Rain, thunderstorms and hail covered parts of the Northern Emirates Saturday afternoon with a warning that conditions could intensify overnight and affect even more parts of the country Sunday, according to the National Center for Meteorology.
“We are expecting Dubai and Abu Dhabi will have some rain, will get the chance to face some rainfall as the areas that received rain on Saturday,” said NCM meteorologist Ahmad Al Kamali. “Probably, there will be more cities having more rain.”
The wild weather that fell over many parts of the Northern Emirates and the Western Region Saturday afternoon was frequently accompanied by spectacular lightning, booming thunder and -- at least in Ras Al Khaimah -- hail, which prompted authorities to issue a number of cautionary warnings to residents.
Police in Ras Al Khaimah advised the public to avoid the mountains as the heavy rain produced waterfalls that cascaded down the valley, causing slippery driving conditions and threatening to flood wadis.
The NCM also elevated its weather warning system from yellow, or “be aware,” to orange, which calls on the public to “be prepared,” and "on the alert” for hazardous weather events that are forecast, especially in the areas of RAK, Fujairah, Al Ruwais and the western islands.
Heavy rain was reported by the NCM over Jais Mountain in RAK, Dibba in Fujairah, Umm Al Quwain and Al Dhafrah throughout the afternoon.
Janis Britton, who is visiting her family in RAK from Scotland, said she has never witnessed a storm as intense as the one that moved into the area around 2pm Saturday afternoon.
“The lightening is quite spectacular,” said Mrs Britton, who was having lunch at her daughter’s house when the storm began. “It slowly progressed into a full-on thunder and lightning storm. It was really wild. We get heavy rain in Scotland, but it’s never coupled with this sort of thunder and lightning, on such a scale. It is absolutely surreal.”
Mr Al Kamali said the rain was caused by a low-pressure system, but that the NCM had also dispatched three rain enhancement flights as of Saturday afternoon to blast cloud-seeding flares into the clouds.
“It’s a very good day for cloud seeding methods today,” said Mr Al Kamali, noting nearly 70 flares had been fired into the atmosphere by about 4pm Saturday.
More cloud-seeding missions were planned for later Saturday evening.
“In the night time we are expecting that the cloud will be even more intense than right now, so there might be also some night flights,” said Mr Al Kamali, adding that the cloud seeding could continue through Sunday afternoon, if the weather conditions called for it.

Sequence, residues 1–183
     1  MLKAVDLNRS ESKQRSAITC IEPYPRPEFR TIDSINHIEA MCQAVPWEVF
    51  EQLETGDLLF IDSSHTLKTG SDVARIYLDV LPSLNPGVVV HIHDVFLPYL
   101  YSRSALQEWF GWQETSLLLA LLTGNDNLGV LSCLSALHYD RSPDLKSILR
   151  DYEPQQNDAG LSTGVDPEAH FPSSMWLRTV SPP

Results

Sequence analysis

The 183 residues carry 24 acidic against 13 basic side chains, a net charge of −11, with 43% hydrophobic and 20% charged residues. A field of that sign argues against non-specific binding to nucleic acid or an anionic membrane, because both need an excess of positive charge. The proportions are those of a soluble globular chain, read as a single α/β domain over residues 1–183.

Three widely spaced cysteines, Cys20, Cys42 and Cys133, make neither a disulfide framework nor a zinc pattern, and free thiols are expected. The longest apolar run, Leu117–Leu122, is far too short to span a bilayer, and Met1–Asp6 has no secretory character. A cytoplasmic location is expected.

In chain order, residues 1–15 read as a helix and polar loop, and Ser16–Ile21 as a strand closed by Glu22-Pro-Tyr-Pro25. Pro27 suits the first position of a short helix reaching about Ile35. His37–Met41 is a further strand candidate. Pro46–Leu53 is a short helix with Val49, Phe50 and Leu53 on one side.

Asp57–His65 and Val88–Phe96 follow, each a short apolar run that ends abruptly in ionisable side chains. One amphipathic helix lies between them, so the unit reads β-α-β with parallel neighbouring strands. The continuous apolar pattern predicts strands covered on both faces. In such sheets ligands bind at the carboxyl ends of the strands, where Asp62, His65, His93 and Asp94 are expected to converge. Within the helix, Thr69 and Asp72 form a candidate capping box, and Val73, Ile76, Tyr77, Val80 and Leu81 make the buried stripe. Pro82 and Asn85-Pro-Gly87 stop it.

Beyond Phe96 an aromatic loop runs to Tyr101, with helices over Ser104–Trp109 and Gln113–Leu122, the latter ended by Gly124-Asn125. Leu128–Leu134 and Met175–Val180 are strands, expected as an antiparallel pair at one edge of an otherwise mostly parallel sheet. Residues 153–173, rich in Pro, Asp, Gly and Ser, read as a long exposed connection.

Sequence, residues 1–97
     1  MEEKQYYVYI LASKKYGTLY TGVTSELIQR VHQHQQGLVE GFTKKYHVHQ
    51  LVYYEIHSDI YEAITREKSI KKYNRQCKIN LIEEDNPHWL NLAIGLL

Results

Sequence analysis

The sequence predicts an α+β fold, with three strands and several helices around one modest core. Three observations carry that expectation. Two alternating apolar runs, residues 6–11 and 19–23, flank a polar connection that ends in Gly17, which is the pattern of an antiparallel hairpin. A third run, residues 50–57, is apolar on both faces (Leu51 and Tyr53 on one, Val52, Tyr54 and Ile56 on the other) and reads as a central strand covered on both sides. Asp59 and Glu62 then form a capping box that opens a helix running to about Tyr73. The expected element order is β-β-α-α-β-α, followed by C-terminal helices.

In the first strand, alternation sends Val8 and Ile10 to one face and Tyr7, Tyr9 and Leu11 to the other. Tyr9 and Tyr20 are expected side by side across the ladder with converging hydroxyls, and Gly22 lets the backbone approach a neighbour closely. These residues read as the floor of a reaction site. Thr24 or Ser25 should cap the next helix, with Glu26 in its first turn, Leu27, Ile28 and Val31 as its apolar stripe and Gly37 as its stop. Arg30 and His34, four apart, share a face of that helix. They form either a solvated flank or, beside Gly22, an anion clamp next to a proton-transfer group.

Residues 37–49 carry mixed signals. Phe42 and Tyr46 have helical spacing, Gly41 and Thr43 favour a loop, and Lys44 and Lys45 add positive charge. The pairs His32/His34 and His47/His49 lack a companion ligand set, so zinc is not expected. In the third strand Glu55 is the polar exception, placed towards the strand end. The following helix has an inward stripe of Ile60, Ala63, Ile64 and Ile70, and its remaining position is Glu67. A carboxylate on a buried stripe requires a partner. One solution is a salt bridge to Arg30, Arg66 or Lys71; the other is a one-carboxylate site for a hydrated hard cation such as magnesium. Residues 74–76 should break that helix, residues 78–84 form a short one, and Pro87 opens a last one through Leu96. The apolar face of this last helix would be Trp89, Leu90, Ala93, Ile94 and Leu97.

“The cloud seeding helps the cloud – the seedable cloud or the rainy cloud – to have more rainfall, so it basically will cause the rainfall to increase.”
He said it is difficult to estimate the percentage by which the rain increased with cloud seeding, but that it in the past years, “it has shown great results that it has enhanced the rainfall.”
Videos submitted by witnesses in the Northern Emirates posted to the NCM’s social media accounts showed waterfalls gushing over the mountains, relentless rain splashing onto windshields and roads covered in streaming water.
Later in the day, a number of videos showing hail covering sand dunes in RAK was also shared by NCM, which publishes photos and videos submitted by its followers on social media.
The afternoon rainfall and hail followed a number of warnings that the NCM began issuing Friday night and Saturday morning on its social media accounts cautioning the public to be on the lookout for convective cloud formation associated with rainfall, strong winds and rough waters in the Arabian Gulf and Oman Sea.
In some parts of the country, wind speeds were forecast to reach 35 to 45 km/h, peaking at 45 to 55 km/h, forcing the waves in the Arabian Gulf to swell to a height of four to six feet, and possibly up to nine feet in case of storm activity, according to the NCM.
The sea advisory, issued on the NCM’s Twitter account and through Wam, is effective until 12pm Sunday morning.
“NCM warns from going to the sea during this period,” it tweeted.
The rain, lightning and overall “unstable weather conditions” are forecast for much of the country – intensifying Sunday and tapering out by Monday afternoon, Mr Al Kamali.
“It is actually going to extend until Monday,” said Mr Al Kamali. “I would say Monday, by the end of the day, it will decrease slightly because there is some northwesterly winds, strong winds, coming from the upper areas and this will cause the low pressure to move rapidly from our area and to go even far over Iran. So most of the cloud will decay and move away from the area.”
Coastal temperatures will reach highs between 22°C and 27°C. The interior parts of the country will feel slightly warmer, with highs ranging from 24°C and 29°C. The mountains will be cool, with temperatures climbing to a high of 13°C to 18°C.